Barbara Lippert’s Critique: Hyping the Hype

Here’s something different: a spot for a new Nike basketball shoe that doesn’t elicit instant raves. It’s not your regular crowd-pleaser—more of an acquired taste, without the intense, high-flying elegance of a Michael Jordan dunk or the magical dribbles and hypnotic rhythms of “Freestyle.” Instead, it features the now-19-year-old NBA rookie and $90 million Nike endorser LeBron James, wearing his signature shoes, as he enters a raucous service at a Baptist church.

“I hate that commercial,” says my friend, a basketball fanatic in his early 40s who’s white. “I think it’s incredibly racist, with all those black stereotypes of shucking and jiving. What was Nike thinking?”

Interestingly, this spot, “The Book of Dimes,” was written by Jimmy Smith, the very same guy who brought us our last few Nike basketball faves, including “Freestyle” and the inspired three-part faux ’70s documentary series “Rucker Park,” which combined street ball with funk. He’s African American and created this spot with his art director partner, Jayanta Jenkins, who is also black. (Sadly, I don’t think there is another African American team in the whole mainstream agency biz.) And it’s directed by Allen Hughes, also black, who with his twin, Albert, directed Menace II Society and Dead Presidents.

One answer for the guy who thinks it’s racist is that there is absolutely no shuckin’ and jivin’ here, only a very fast, dense joke and a celeb-filled re-creation of a Baptist service—if churchgoers suddenly saw the light through basketball. It’s based on baby LeBron’s response when pressed to explain how he got so good: “Basically, I’m just blessed. God just blessed me.” The spot is dedicated to “King James, the chosen one.”

Although he’s proved himself as an all-around player and no showboater, LeBron has played less than half a season—when Nike signed him, no one thought the Hummer-driving kid could live up to the hype. Therefore, by showing him as some basketball savior, the Second Coming to the whole Nike family, the sneaker maker manages to embrace the hype while making fun of it. And Nike-ness is next to godliness in this case—there’s a great shot of the shoes as James sweeps into the church and causes pandemonium.

Leading the congregation, reading from “the King James playbook,” is Bernie Mac. Having a comedian play a reverend is hardly sacrilegious, it’s a staple in black comedy. Think Richard Pryor in Which Way Is Up? to Mr. “Say it loud, I’m black and I’m proud” James Brown, playing a reverend in The Blues Brothers. (And on television, everyone from Flip Wilson to Cedric the Entertainer has broadened the idea of ministry and humor.)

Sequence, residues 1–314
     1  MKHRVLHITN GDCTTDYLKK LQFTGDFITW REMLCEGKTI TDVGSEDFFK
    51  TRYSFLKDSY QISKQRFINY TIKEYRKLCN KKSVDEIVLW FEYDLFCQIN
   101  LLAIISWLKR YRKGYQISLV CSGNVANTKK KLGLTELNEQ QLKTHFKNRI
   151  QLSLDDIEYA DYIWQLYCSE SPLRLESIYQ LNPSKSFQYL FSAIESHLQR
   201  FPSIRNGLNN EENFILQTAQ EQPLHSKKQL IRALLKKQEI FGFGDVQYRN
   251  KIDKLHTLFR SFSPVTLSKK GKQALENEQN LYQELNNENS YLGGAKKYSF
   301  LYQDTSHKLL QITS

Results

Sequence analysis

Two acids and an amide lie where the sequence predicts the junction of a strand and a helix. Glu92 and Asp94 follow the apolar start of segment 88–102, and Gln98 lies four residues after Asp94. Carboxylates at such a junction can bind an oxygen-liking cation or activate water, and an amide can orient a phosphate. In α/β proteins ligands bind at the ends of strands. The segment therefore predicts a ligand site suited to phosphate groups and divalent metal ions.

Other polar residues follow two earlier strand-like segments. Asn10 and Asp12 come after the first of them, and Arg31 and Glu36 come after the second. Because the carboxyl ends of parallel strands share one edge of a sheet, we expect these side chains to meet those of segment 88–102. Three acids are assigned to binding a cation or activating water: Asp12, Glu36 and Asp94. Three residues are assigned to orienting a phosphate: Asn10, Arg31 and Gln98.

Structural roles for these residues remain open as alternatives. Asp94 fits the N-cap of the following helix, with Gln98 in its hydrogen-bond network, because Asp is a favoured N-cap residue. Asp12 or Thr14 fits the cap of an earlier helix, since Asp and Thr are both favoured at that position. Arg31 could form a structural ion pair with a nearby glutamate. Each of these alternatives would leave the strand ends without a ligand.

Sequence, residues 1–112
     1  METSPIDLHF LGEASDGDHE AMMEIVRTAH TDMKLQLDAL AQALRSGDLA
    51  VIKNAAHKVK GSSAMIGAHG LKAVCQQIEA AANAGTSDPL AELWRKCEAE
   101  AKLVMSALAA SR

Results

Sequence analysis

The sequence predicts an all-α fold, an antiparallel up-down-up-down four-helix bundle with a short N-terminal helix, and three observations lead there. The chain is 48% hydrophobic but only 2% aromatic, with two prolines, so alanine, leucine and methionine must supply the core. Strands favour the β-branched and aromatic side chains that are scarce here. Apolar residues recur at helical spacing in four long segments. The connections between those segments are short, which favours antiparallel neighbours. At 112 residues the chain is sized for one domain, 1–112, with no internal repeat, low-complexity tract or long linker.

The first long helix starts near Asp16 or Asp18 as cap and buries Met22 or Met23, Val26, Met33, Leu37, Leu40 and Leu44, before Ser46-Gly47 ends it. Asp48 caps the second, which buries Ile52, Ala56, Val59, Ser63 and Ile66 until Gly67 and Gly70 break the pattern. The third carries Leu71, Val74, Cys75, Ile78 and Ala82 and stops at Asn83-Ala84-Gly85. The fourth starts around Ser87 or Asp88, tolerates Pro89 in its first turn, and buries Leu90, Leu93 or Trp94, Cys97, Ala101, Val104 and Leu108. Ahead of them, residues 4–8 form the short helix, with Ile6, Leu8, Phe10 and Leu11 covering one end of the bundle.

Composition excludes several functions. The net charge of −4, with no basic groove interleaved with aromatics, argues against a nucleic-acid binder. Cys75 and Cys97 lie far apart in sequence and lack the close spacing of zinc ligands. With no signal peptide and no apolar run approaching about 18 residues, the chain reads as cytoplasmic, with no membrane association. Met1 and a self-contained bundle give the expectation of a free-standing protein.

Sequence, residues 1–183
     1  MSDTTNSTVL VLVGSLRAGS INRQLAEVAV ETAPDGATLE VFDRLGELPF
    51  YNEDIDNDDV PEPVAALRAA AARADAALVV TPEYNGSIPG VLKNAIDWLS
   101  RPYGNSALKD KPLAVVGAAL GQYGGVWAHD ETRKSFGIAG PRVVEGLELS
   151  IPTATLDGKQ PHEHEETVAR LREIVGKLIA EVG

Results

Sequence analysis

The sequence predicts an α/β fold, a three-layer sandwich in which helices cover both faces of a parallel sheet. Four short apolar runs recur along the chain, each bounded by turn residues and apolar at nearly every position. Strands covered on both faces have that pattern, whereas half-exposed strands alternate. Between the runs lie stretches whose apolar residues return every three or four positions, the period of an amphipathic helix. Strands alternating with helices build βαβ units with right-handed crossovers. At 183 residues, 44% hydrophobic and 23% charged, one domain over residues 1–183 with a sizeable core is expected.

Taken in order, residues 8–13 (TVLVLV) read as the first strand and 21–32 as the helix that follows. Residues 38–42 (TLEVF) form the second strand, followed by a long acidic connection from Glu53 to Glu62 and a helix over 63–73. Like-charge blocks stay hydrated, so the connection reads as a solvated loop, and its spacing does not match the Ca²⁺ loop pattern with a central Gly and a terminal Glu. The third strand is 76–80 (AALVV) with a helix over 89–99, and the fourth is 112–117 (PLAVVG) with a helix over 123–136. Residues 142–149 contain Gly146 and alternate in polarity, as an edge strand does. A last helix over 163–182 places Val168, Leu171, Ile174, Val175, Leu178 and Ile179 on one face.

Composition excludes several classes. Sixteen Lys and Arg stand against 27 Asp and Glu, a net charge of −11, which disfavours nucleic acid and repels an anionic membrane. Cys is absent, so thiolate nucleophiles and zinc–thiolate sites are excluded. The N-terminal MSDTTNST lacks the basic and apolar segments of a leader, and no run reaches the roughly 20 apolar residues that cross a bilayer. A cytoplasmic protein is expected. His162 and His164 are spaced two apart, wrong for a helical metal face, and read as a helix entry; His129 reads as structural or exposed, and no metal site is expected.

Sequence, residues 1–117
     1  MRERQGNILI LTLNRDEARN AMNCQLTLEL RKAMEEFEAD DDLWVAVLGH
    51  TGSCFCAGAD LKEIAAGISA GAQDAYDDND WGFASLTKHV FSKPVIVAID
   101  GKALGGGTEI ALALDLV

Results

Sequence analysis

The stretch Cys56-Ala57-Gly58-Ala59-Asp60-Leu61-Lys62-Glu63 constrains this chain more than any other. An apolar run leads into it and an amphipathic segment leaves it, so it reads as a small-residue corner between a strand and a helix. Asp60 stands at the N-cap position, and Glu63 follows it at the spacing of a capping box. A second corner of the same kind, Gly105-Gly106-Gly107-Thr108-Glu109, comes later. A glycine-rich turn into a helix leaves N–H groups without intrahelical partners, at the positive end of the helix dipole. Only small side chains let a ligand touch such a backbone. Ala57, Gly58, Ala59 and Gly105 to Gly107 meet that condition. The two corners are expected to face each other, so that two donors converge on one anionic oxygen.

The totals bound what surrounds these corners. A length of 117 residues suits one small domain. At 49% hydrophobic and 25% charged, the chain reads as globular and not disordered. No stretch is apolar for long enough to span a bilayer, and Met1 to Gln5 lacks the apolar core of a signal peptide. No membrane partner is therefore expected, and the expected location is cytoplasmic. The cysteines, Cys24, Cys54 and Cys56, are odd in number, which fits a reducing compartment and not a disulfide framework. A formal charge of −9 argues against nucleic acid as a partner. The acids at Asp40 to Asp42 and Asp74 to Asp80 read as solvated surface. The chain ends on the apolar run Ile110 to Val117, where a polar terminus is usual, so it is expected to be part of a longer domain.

Here, Mac (Rev. Rock), at the pulpit in reading glasses and a striped Nike warmup suit, gets to go all basketball evangelical (“Ooh, I feel the soul of the team comin’ over me!” he shouts), and the congregation responds ecstatically. Of course, this is no traditional congregation or choir—they are b-ball stars, street legends, including Billy “The Kid” Harris, Pee Wee Kirkland, Jumpin’ Jackie Jackson and Fly Williams. The guy with his arms up, leading the choir, is Bootsy Collins in his trademark star glasses, and the singers are women of the WNBA (Sue Bird, Dawn Staley, Sheryl Swoopes, Nikki Teasley, Tina Thompson, Swin Cash and Tamika Catchings).

“Can I get a layup?” the man of velour asks his followers. “Layup!” they scream and then, “Shake him!” There’s also an elder pew—in this case, the graying wise ones are NBA Hall of Famers Julius Erving, Jerry West, George Gervin and Moses Malone. Admittedly, no one will catch all of this, even after serial viewings.

The Chosen One, we find out, has asked only for “court vision” and “glory for his team.” When the b-ball Messiah arrives, he dribbles down the center aisle, never hogging the ball, passing it off to kids who then make crazy, high-flying dunks through the hoops attached to the church balconies. Meanwhile the choir sings, “He’s got crazy court vision and his flow is nonstop! Pass, pass, pass, pass.”

It’s a lot to synthesize, but once you get the setup, it doesn’t come off as racist. At the same time, this being America, some Christian and religious groups are complaining about sacrilege. Smith says he actually vetted the ad with his own pastor, who is “old school.” (He gave the commercial his blessing and thought it was funny.)

People thought James’ $90 million would create a monster; instead, we get the messiah of Swoosh.